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The Great Alaskan Earthquake...
Item # 575909
March 30, 1964
LEOMINSTER ENTERPRISE, Leominster, Massachusetts, March 30, 1964
* The Great Alaskan Earthquake
This 8 page newspaper has three column headlines on the front page: "Baby's Cold Keeps Mother Here, Safe from 'Quake'"; "Alaskans Begin To Rebuild As Rescue Work Goes On" with related photo (see).
Other news of the day. Some small binding holes along the spine, otherwise in good condition.
wikipedia notes: The 1964 Alaska earthquake, also known as the Great Alaska earthquake, began at 5:36 P.M. AST on Friday, March 27, 1964. Across south-central Alaska, ground fissures, collapsing buildings, and tsunamis directly caused about 131 deaths. This Alaskan earthquake is also known as the Good Friday earthquake because it occurred during that Christian holy day.
Lasting nearly five minutes, it was the most powerful recorded earthquake in U.S. and North American history, and the third most powerful ever measured by seismograph; it had a moment magnitude of 9.2, and registered 8.4 on the Richter scale.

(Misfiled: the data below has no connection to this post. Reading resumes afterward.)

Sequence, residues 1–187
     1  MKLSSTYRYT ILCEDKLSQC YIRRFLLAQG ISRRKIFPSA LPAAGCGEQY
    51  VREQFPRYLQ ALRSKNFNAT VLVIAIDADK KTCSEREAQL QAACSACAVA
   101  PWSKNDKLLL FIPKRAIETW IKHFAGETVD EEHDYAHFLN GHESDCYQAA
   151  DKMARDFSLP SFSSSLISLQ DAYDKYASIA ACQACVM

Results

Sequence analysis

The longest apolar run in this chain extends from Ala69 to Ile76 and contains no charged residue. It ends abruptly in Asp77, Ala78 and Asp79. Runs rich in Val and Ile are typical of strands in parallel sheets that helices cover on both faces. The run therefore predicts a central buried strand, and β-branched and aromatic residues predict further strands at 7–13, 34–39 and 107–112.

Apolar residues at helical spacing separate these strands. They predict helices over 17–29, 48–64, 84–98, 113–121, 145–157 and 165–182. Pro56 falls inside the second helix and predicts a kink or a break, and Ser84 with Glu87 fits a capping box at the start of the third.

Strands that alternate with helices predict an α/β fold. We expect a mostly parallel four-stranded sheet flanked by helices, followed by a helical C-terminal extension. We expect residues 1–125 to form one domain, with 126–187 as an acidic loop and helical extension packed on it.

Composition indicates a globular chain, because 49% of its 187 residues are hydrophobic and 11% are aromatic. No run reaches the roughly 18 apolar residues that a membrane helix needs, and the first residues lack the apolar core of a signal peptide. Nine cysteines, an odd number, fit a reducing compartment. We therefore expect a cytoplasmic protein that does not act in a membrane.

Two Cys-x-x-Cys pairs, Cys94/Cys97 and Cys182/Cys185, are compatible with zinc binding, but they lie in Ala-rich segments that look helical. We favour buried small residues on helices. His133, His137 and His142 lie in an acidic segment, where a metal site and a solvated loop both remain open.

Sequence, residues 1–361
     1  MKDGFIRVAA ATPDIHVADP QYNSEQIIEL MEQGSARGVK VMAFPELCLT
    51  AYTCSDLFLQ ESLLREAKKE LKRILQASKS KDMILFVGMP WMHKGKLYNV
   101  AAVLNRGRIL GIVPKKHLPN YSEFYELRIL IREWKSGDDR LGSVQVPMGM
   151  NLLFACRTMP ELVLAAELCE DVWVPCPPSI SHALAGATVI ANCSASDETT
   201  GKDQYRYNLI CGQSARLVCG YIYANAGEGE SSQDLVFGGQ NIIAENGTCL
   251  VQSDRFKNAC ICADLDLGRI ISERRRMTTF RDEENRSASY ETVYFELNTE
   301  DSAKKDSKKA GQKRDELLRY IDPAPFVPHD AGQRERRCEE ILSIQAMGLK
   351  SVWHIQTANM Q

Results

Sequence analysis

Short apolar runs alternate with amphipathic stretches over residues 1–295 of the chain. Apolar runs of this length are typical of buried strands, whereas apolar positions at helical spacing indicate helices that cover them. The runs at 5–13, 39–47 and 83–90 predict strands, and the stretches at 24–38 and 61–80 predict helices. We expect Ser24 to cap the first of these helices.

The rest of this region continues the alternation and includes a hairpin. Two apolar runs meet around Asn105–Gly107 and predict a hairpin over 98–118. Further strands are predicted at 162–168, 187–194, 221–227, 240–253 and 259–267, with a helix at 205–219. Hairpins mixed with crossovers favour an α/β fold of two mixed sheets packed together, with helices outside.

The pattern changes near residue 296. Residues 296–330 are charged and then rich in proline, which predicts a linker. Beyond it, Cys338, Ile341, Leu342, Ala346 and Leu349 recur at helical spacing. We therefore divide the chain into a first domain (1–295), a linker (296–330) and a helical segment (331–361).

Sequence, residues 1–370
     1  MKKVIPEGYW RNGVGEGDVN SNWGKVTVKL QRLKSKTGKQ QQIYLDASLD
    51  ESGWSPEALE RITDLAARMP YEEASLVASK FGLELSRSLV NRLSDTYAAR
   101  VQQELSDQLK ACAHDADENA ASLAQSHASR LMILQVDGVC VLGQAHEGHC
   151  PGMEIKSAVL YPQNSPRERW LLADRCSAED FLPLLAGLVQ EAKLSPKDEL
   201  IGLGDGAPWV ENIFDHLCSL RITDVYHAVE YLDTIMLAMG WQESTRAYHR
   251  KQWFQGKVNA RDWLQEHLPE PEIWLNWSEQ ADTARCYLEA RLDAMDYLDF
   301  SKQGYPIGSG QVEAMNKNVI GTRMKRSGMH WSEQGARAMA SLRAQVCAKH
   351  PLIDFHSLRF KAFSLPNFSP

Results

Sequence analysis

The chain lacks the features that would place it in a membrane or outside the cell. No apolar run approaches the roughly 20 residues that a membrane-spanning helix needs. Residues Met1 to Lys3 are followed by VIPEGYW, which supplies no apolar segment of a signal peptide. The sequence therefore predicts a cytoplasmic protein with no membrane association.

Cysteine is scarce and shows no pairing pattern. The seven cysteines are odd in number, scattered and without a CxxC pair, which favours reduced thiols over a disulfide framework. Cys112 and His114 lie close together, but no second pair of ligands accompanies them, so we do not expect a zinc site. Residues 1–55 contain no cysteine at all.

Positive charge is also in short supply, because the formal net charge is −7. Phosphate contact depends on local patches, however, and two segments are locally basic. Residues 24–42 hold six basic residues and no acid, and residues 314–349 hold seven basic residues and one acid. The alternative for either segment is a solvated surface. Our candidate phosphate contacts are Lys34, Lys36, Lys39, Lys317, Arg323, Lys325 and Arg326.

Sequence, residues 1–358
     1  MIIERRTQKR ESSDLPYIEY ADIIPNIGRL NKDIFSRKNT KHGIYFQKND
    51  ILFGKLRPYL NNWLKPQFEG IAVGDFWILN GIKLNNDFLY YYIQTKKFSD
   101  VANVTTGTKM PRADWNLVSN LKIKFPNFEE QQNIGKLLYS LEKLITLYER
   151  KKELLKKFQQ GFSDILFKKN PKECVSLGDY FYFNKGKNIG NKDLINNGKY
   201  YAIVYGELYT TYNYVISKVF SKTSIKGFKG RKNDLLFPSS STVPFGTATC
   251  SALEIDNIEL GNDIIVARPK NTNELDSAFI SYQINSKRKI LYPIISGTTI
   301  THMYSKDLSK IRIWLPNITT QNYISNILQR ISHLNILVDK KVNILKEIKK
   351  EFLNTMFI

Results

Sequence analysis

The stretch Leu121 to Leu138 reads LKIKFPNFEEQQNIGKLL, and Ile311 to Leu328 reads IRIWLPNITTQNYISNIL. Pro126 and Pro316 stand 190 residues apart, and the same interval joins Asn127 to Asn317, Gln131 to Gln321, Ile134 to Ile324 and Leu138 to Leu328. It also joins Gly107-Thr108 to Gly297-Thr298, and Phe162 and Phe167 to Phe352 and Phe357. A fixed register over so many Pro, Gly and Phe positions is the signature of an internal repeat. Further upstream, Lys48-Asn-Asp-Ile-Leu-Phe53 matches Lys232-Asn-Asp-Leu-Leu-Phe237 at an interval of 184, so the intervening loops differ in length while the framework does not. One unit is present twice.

The powerful earthquake produced Earthquake liquefaction in the region. Ground fissures and failures caused major structural damage in several communities, much damage to property and several landslides. Anchorage sustained great destruction or damage to many inadequately engineered houses, buildings, and infrastructure (paved streets, sidewalks, water and sewer mains, electrical systems, and other man-made equipment). Two hundred miles southwest, some areas near Kodiak were permanently raised by 30 feet (9.1 m). East of Anchorage, areas around the head of Turnagain Arm near Portage dropped 8 feet (2.4 m), requiring reconstruction and fill to raise the Seward Highway above the new high tidemark. In Prince William Sound, a 27-foot (8.2 m) tsunami destroyed the village of Chenega, killing 23 of the 68 people who then lived there; survivors out-ran the wave, climbing to high ground. Post-quake tsunamis severely affected Valdez, Whittier, Seward, Kodiak, and other Alaskan Communities, as well as people and property in British Columbia, Oregon, and California. Tsunamis also caused damage in Hawaii and Japan.
Category: The 20th Century